Public Holiday Pay
Good Friday, observed on April 14 this year, is a statutory holiday recognized across Canada. Also, Easter Sunday, observed on April 16 this year, is a retail holiday in some provinces and territories. Regarding Easter Monday, the Federal Government, as well as certain federally regulated workplaces, recognize the day as a statutory holiday. Although, this may not necessarily be the circumstance for the provinces and territories.
In Alberta, Manitoba, Nova Scotia, Ontario, Prince Edward Island and Saskatchewan, Family Day is recognized as a public (statutory) holiday and employees get the day off with pay, if eligible. Each year, these provinces celebrate Family Day on the third Monday in February. In 2017, Monday, February 20 is Family Day.
The holidays can either be considered the most relaxing time of year or the most stressful. It is a time where families and friends gather, gifts are exchanged, and countless desserts are indulged. However, leading to that point of unwinding can be stressful for many, with the balancing of family demands and workplace year–end pressures. Regardless of such amounting pressures, employers should not neglect their responsibilities to employees under the law when it comes to time off during the holidays (i.e. statutory (public) holidays).
This year Christmas Day and New Year’s Day fall on non-working days for many employees. Christmas this year is celebrated on Sunday December 25, 2016 and New Years Day on Sunday January 1, 2017. Many employers are looking for information specific to their jurisdiction, on how to deal with public holidays on non-working days, like the weekends.
Remembrance Day, in some provinces, is considered a paid public (statutory) holiday, under Employment/Labour Standards legislation. There are various exemptions and considerations to take into account when it comes to Remembrance Day, as a statutory holiday.
In Canada, Thanksgiving is celebrated on the second Monday in October every year. This year, Thanksgiving Day is Monday, October 10th.
Across Canada, Labour Day is a statutory (public) holiday that is observed on the first Monday in September. This year, Labour Day is September 5. Typically, employees are given Labour Day off with regular pay or public holiday pay (depending on the province or territory of employment). In the event employees are required to work on the holiday, the employee must be paid regular wages and get a substituted day off with pay at a later date (again, this depends on the province or territory of employment).
If you are reading an employment law blog you already know that employers have legal obligations under the Ontario Employment Standards Act. The top five violations for the fiscal year 2014/2015, as compiled by the Ministry of Labour, were with respect to…
Every July 1, Canadians commemorate their country’s birthday. Canada turns 149 this year! In all provinces and territories, Canada Day is a statutory (public) holiday. Typically, employees do get Canada Day off with regular pay or public holiday pay (depending on the province or territory of employment). In the event employees are required to work on the public holiday, the employee must be paid regular wages and get a substituted day off with pay at a later date (again, this depends on the province or territory of employment).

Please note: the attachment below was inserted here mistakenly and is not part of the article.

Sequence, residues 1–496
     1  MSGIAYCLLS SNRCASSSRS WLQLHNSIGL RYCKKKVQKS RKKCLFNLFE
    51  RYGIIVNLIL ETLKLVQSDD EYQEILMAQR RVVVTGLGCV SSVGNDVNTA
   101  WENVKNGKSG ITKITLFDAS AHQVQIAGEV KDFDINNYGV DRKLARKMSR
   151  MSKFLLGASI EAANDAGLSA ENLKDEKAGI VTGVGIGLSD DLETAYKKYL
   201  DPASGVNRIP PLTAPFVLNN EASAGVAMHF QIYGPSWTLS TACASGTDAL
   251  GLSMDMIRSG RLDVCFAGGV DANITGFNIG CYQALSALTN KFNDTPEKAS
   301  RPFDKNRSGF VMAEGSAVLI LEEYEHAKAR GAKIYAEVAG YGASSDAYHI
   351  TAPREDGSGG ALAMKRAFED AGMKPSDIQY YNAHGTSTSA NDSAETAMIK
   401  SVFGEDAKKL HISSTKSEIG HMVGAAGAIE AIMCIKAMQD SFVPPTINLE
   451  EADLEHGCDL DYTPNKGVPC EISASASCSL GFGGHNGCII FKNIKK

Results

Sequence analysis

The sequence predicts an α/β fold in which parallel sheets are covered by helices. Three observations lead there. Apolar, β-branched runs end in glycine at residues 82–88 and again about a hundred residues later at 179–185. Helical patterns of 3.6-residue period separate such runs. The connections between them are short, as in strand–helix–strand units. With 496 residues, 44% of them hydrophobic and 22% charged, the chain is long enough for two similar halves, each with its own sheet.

In Quebec, June 24 is “la Fête nationale”, the province’s official holiday and celebration of French Canadian culture. The festivities occur on June 23 and 24, and since 1978 are publicly financed and organized by the National Holiday Organizing Committee.
On June 21, the summer solstice, National Aboriginal Day is celebrated in Canada. This day of recognition and celebration was established, in cooperation with Indigenous organizations, to honour the unique heritage, diverse cultures and outstanding contributions of First Nations, Inuit and Métis peoples. While these three groups share many similarities, they each have their own distinct heritage, language, cultural practices and spiritual beliefs.
Typically, employees do get Victoria Day off with regular pay or public holiday pay (depending on the province or territory of employment). In the event employees are required to work on the statutory holiday, the employee must be paid regular wages and get a substituted day off, with pay, at a later date (again, this depends on the province or territory of employment).
The use of unpaid interns has come under increased media and political scrutiny. Fuelled by horror stories of young interns collapsing under extreme workplace pressures, the issue reached the political agenda. In the summer of 2014, the Ontario Ministry of Labour carried out a highly publicized workplace inspection blitz to determine if intern rights were being respected. Rules governing the appropriate use of interns in Ontario are not new. They had been in place long before the summer 2014 blitz. The rules are set out in section 1(2) of the Employment Standards Act.
Three popular articles this week on HRinfodesk deal with three cases: One case looks at whether an employee was entitled to public holiday pay; the second case looks at whether an employee was indeed terminated, and not transferred as stated by the employer; and the third case looks at employee discipline.
Good Friday, observed on March 25, 2016, is a Christian religious and statutory holiday recognized across Canada. Easter Sunday, observed on March 27, 2016, is a Christian religious holiday as well as a retail holiday, in some provinces and territories.